Multi-objective optimization for EEG channel selection and accurate intruder detection in an EEG-based subject identification system
Peer reviewed, Journal article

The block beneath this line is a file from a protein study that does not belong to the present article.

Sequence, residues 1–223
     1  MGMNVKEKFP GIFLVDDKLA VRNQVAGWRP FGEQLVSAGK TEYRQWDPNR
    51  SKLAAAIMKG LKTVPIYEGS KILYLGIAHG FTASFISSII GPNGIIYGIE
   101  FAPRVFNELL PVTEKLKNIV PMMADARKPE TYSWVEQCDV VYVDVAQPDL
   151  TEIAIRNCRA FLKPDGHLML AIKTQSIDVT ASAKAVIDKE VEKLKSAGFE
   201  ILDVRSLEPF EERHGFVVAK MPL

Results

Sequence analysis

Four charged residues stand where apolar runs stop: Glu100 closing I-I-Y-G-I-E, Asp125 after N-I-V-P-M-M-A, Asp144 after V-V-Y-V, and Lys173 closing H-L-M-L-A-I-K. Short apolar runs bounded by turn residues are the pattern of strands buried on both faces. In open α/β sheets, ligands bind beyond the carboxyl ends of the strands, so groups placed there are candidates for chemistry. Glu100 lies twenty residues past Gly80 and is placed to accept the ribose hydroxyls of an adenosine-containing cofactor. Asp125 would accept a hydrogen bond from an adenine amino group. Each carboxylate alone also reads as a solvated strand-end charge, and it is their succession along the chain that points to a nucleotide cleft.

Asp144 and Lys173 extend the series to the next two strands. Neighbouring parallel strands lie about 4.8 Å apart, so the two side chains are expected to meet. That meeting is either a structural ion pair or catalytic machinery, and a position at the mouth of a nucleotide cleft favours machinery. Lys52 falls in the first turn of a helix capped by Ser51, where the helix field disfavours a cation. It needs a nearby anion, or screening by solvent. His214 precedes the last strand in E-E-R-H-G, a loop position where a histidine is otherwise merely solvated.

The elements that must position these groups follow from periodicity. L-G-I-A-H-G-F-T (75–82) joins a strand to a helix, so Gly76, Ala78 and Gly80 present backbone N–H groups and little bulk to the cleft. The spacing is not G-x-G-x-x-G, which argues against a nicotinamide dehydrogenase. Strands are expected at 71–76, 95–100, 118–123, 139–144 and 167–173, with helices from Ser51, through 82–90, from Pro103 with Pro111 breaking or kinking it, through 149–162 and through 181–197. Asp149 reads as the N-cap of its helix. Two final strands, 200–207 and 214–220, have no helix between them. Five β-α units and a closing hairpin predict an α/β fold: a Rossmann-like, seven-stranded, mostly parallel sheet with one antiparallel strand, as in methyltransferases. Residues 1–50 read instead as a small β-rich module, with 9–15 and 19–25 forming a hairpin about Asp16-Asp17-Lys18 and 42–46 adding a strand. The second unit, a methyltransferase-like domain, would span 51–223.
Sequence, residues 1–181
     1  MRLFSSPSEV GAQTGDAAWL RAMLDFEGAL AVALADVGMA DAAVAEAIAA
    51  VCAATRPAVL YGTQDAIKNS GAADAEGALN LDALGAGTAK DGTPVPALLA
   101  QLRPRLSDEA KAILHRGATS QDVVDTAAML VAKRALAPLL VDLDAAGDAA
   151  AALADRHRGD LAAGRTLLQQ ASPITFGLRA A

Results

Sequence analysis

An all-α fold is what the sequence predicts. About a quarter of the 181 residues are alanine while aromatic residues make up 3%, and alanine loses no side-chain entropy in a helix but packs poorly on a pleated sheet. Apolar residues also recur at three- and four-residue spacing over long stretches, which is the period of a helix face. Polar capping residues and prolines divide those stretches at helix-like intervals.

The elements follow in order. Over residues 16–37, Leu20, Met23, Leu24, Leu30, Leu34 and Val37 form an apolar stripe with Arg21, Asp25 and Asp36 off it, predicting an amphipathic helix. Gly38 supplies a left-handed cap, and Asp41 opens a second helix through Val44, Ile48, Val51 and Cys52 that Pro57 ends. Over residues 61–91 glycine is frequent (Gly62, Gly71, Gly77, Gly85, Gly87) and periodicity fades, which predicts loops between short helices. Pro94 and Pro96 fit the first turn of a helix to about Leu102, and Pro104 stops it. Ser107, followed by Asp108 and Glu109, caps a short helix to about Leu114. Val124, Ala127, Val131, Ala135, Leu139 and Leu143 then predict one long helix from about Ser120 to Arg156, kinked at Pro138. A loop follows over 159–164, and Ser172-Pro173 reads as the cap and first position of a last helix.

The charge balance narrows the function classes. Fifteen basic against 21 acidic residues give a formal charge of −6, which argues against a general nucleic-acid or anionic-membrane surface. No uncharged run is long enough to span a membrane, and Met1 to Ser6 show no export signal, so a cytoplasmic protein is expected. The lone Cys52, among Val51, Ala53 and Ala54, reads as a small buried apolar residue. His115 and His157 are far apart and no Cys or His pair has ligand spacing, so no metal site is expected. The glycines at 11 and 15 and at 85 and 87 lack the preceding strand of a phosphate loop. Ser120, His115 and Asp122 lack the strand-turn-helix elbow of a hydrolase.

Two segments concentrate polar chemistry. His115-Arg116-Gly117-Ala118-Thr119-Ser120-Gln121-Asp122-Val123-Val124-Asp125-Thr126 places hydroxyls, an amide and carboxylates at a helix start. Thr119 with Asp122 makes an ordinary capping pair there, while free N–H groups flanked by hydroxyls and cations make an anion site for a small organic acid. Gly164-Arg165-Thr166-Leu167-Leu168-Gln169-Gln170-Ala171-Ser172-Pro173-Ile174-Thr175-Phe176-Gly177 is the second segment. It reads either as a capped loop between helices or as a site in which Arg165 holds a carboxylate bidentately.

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We present a four-objective optimization method for optimal electroencephalographic (EEG) channel selection to provide access to subjects with permission in a system by detecting intruders and identifying the subject. Each instance was represented by four features computed from two sub-bands, extracted using empirical mode decomposition (EMD) for each channel, and the feature vectors were used as input for one-class/multi-class support vector machines (SVMs). We tested the method on data from the event-related potentials (ERPs) of 26 subjects and 56 channels. The optimization process was performed by the non-dominated sorting genetic algorithm (NSGA), which found a three-channel combination that achieved an accuracy of 0.83, with both a true acceptance rate (TAR) and a true rejection rate (TRR) of 1.00. In the best case, we obtained an accuracy of up to 0.98 for subject identification with a TAR of 0.95 and a TRR 0.93, all using seven EEG channels found by NSGA-III in a subset of subjects manually created. The findings were also validated using 10 different subdivisions of subjects randomly created, obtaining up to 0.97 ± 0.02 of accuracy, a TAR of 0.81 ± 0.12 and TRR of 0.85 ± 0.10 using eight channels found by NSGA-III. These results support further studies on larger datasets for potential applications of EEG in identification and authentication systems.